• speaker indicated with
    • @who attribute only in <said> elements (but not all of them)
    • a <label> element may introduce the speech turn in <said> elements,
    • a <speaker> element introduces and encodes speaker information for <sp> elements

<p> elements are sometimes used, sometimes not, and can be either outside <said>, or inside <said> and following <label>,…

We want to keep and show clearly speech turn information and speaker information, without indexing the speaker's name as a word to be counted and searched a such.

Solution :

  • adding <label> and <p> when missing (during XTZ import processing) ;
  • declare <speaker> and <label> as Out-of-text-to-edit element in import parameters.

Speaker information is available in TXM but is heterogeneously encoded. We decided not to work on this transitional state of Perseus texts ; when source texts will be homogeneous in Perseus then in TXM they will be homogeneous too.

Miscellaneous

Castlists given in files 23 to 27 should be ignored for textometric analysis

  • Solution :
    • declare <castList> as an Out-of-text element in TXM XTZ import parameters.

Bibliographic citation references encoded with <bibl> elements should be distinguished from ancient greek text.

  • Solution :
    • declare <bibl> as note element in TXM XTZ import parameters ;
    • display its content in gray characters (defined in CSS stylesheet for edition).

Versified text (encoded with <l> elements) should be distinguished in TXM text edition.

  • Solution :
    • process it as blocks in CSS.

Solution

Make a directory (e.g. “plato”).

This directory includes :

  • a copy of every XML file for greek texts of Plato downloaded from Perseus DL.
  • (optional) a file named “import.xml” (This file is automatically created or updated during the import processing, it records all the parameters values used for the import, see below.)
  • (optional) a file named “metadata.csv”, which brings additional information to describe texts (i.e. normalized titles, normalized edition date, etc.)
  • a directory named “css”, which includes :
    • perseus.css
  • a directory named “xsl”, which includes :
    • (depending on your TXM version, see note below) a subdirectory named “1-split-merge”, which includes :
      • rename-no-dots.xsl
    • a subdirectory named “2-front”, which includes :
      • p4top5.xsl
      • txm-front-teiperseus-xtz.xsl
    • a subdirectory named “3-posttok”, which includes :
      • txm-posttok-addRef-perseus.xsl
    • a subdirectory named “4-edition”, which includes :
      • 1-default-html.xsl
      • 2-default-pager.xsl

About the 1-split-merge directory :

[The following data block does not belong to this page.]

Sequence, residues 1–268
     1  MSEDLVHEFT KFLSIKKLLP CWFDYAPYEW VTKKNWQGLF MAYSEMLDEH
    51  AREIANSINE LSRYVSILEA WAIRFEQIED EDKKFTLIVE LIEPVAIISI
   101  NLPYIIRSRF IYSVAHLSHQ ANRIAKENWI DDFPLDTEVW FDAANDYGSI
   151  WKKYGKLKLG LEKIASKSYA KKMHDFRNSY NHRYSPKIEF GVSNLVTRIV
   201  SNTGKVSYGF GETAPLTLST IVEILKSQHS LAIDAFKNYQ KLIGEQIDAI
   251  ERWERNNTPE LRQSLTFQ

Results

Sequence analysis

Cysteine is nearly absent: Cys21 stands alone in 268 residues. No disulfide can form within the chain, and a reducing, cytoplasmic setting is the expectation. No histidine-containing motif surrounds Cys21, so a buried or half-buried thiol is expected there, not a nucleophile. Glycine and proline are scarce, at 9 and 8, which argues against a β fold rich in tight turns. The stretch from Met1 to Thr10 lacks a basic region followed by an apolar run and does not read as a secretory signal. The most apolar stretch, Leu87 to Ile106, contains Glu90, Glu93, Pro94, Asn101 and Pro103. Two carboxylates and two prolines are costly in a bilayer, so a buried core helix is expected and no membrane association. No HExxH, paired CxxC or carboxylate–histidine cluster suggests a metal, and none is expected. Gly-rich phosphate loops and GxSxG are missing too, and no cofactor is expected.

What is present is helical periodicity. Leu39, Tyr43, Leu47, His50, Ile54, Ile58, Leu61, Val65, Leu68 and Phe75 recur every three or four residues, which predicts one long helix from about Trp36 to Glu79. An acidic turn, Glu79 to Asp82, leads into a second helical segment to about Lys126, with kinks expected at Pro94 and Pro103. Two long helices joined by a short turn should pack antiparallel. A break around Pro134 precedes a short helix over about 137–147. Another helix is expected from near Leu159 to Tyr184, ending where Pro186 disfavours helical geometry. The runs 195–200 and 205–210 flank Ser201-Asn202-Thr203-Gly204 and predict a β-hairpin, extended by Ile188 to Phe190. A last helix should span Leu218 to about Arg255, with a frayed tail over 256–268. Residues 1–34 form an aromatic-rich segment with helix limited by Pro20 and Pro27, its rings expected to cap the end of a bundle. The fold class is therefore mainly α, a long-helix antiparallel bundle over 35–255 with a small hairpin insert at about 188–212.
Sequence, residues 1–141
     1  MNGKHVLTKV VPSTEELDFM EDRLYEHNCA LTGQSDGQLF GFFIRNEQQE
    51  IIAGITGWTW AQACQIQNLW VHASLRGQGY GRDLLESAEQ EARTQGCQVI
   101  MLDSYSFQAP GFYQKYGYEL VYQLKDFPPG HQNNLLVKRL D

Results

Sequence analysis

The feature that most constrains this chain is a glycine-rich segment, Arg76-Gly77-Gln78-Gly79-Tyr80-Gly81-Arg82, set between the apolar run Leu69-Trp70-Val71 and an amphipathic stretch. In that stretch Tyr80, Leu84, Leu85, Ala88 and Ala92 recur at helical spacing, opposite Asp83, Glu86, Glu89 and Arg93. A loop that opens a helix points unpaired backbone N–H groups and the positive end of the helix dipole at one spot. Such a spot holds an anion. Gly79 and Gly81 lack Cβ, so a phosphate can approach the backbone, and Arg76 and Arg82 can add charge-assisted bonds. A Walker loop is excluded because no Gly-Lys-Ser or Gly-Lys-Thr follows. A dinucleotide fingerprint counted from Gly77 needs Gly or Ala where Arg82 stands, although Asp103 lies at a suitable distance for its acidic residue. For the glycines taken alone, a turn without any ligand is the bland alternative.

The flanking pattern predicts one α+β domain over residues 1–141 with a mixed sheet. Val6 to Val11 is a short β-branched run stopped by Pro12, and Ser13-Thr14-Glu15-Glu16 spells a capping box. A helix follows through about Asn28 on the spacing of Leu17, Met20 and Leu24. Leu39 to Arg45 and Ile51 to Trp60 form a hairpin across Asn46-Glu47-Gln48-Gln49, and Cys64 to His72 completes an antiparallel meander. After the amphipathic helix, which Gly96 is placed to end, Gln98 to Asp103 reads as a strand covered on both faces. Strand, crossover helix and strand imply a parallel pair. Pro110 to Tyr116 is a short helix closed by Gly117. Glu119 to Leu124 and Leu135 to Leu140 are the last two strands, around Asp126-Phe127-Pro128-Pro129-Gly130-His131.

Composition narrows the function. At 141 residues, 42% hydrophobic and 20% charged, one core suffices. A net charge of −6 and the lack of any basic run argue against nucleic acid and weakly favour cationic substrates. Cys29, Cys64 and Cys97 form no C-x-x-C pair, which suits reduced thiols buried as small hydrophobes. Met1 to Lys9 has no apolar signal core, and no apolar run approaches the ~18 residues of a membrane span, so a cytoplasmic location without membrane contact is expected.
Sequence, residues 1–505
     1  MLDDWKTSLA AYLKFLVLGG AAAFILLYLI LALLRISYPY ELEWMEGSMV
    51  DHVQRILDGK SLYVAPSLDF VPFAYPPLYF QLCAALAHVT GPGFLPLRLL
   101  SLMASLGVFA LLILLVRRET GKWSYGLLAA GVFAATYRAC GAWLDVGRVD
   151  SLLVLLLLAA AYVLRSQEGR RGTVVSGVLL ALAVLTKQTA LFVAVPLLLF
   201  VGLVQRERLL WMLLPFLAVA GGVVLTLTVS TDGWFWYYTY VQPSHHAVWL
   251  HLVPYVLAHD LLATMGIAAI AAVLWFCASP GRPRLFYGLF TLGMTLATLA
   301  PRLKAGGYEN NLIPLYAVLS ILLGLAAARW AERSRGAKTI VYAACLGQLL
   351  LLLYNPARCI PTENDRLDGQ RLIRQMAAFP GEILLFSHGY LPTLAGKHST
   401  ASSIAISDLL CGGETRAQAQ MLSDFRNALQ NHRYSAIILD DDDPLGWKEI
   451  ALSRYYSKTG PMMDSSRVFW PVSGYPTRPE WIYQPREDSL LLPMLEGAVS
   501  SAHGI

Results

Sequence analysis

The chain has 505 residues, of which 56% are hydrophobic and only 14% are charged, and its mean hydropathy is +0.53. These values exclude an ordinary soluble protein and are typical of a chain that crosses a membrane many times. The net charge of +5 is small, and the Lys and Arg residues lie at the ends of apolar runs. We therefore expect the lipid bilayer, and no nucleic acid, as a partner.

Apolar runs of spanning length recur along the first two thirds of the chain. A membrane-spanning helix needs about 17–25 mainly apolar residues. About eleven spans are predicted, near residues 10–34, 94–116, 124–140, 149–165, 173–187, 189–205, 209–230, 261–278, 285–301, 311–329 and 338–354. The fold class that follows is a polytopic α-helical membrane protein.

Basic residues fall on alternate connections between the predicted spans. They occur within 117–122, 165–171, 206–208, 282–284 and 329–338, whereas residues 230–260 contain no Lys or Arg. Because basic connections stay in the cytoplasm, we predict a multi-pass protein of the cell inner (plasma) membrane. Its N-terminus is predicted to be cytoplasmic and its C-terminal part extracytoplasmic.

• A bug in the TXM 0.7.8 version that we had in July 2017 prevented us from keeping dots in filenames, the rename-no-dots.xsl stylesheet is a solution to this bug : dots are replaced by underscores at the first stage of the import.
  • Later, another bug in TXM version delivered in August 2017 happens at this first stage of the import. A solution is to skip this first stage (one can rename the folder 1-split-merge for instance, so that it is not recognize and then not taken into account ; or delete this folder) and do the renaming text files manually, or automatically before TXM import (this can be done from within TXM with the ExecXSL macro).

These two bugs have been reported and should be corrected in one of the next versions of TXM, so try and see if file name corrections are still needed.

Then run the TXM command File>Import>XML-XTZ + CSV with the following settings :

1. Source directory is “plato” (in our example).

2. Import parameters : Import parameters :

  • Main Language : untick “annotate the corpus” and select “el” for Greek language.
  • Lexical Segmentation : add — in punctuation list (for example as second character just after ”[”, Punctuations field content looks then like this : [—\p{Ps}\p{Pe}\p{Pi}\p{Pf}\p{Po}\p{S}])
  • Editions : Build edition, Words per page = 1000, Page break tag = pb
  • Display font : default setting (Font name = <default>)
  • Commands : Concordance context structure limits = text
  • Textual planes :
    • Outside-text = teiHeader,front,back,castList
    • Outside-text to edit = label,speaker
    • Note elements = bibl,note
    • Milestone elements = [nothing, leave blank]
    • Options : default (= remove temporary directories)

3. Click on “Start corpus import” (above - beginning of the form)

The import parameters are read from, and saved in, the import.xml file included in the copus directory (here “plato” directory). So if you have already imported the corpus, you recover your previous settings for this corpus. You can update or modify it before the new import. This file is edited through the graphical user interface (XML-XTZ + CSV import form).

Content of the metadata.csv file used for this import

XSL Perseus stylesheets used for this import

public/perseus_201707_plato.1512130207.txt.gz · Dernière modification: 2017/12/01 13:10 par benedicte.pincemin@ens-lyon.fr